However, if you have food storage, you're supposed to rotate through it. Even dehydrated food has a shelf life, and it's usually 10 years or less.
So, I found these dehydrated apples in our food storage.
And then I ate one.
It was stale. No, it was beyond stale. It was like chewing on sweetened tree bark + flavorless beef jerky.
I hated to just throw it out though. I hate wasting stuff. That meant it was time to get creative.
Most dehydrated things can be re-hydrated. So I started thinking about what I could use sliced apples for.
Tarts. But I just made tarts a few weeks ago.
Pies. But I don't feel like making pie.
Pastries. Mmmmm... I do love pastries...
The most common dough that I know how to make takes me back to my roots. I'm a southern girl with a darn good biscuit recipe. So I thought I'd try apple pie filled biscuits... Made from dehydrated apple slices.
I soaked a handful of dehydrated apple slices in hot water for an hour. I used just enough water to cover them.
Once they were all soft again I added sugar, cinnamon, and ground cloves. (I failed to measure. I always do this type of thing by taste. Sorry.) I wanted the liquid that was left in them to thicken. I'm familiar with two thickening agents: corn starch and flour. I don't have any corn starch, so flour it was! I added a heaping tablespoon of flour to the mix too.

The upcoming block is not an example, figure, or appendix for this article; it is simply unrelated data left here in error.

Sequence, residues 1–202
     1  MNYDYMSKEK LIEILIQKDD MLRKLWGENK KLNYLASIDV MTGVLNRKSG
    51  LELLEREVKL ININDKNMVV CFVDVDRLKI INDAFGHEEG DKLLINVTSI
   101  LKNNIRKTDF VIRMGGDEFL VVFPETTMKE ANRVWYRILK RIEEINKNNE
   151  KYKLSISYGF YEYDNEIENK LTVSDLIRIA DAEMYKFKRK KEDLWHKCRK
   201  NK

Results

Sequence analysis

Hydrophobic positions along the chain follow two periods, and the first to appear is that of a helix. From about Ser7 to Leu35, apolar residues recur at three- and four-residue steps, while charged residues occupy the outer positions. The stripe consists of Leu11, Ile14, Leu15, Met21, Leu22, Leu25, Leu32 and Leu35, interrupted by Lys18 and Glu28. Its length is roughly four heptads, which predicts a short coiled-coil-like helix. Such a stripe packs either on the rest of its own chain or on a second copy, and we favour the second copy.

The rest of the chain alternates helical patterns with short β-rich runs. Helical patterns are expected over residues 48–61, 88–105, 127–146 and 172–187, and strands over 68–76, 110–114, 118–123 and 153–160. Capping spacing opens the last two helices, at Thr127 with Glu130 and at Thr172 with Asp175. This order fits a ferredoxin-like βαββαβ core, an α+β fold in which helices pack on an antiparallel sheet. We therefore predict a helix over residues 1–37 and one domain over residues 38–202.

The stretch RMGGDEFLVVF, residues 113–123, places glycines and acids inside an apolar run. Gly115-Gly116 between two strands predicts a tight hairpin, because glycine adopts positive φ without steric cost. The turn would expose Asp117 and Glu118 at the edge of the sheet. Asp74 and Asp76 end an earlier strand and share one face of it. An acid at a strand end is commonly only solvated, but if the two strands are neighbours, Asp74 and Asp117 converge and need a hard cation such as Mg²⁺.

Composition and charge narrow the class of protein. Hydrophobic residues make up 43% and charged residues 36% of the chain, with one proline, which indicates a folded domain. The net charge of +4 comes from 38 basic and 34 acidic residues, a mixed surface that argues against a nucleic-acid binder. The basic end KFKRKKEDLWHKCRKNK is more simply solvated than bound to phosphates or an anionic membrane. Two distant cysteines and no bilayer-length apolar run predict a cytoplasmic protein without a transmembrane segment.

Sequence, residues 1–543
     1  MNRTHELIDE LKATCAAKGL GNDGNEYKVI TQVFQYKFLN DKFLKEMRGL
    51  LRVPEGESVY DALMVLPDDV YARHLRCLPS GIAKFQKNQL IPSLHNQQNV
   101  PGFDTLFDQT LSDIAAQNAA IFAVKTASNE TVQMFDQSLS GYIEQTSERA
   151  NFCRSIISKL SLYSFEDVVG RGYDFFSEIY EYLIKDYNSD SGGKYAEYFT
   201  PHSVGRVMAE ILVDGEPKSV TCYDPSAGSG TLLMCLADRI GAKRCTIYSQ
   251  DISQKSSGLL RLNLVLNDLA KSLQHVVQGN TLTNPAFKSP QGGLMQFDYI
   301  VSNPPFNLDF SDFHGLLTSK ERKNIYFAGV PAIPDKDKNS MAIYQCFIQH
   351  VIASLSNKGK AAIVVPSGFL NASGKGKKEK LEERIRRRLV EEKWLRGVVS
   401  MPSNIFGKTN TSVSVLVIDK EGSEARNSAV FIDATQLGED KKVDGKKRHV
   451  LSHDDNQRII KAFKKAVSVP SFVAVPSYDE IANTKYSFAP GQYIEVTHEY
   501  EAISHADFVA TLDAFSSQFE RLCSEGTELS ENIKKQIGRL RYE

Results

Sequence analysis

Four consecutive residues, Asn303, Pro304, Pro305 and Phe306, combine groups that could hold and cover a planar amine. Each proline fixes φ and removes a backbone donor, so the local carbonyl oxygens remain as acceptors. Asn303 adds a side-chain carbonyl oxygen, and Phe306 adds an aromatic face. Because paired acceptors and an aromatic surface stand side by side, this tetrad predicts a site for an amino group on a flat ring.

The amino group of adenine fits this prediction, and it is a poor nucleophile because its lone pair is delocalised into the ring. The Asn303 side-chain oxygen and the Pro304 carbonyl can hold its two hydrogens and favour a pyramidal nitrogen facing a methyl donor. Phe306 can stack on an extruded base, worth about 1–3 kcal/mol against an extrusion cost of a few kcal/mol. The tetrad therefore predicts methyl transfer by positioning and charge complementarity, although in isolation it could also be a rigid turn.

(Tip: If you're adding flour to a mostly water- or liquid-based mix like this, it's best to mix it into a small amount of water first and then add the flour-water mixture in, otherwise it congeals and turns into chunks of flour that stick to your pan and food.)
I turned on the stove burner to medium and let the apples start cooking a bit. The water started boiling and gradually got thicker. It took 40-45 minutes to cook down to a consistency that I liked. I tried it, and oh my goodness!! So tasty!
Then I made the biscuit dough. Almost every time I teach anyone how to make southern biscuits from scratch, they always over-knead the dough. It's not yeast based and it's supposed to be fluffy. Kneading it more than necessary makes it denser and chewier. Nobody wants to eat a biscuit that has the consistency of a rock. So when you knead biscuit dough, you only do so lightly, folding it 2 to 3 times--basically just to get the last of the dry ingredients absorbed into it.
I wrapped a spoonful of the re-hydrated apple filling inside of a little bit of biscuit dough.
Baked them for 12 minutes.
And then I had apple pie filled biscuits.
(Like my son's sweet little face.)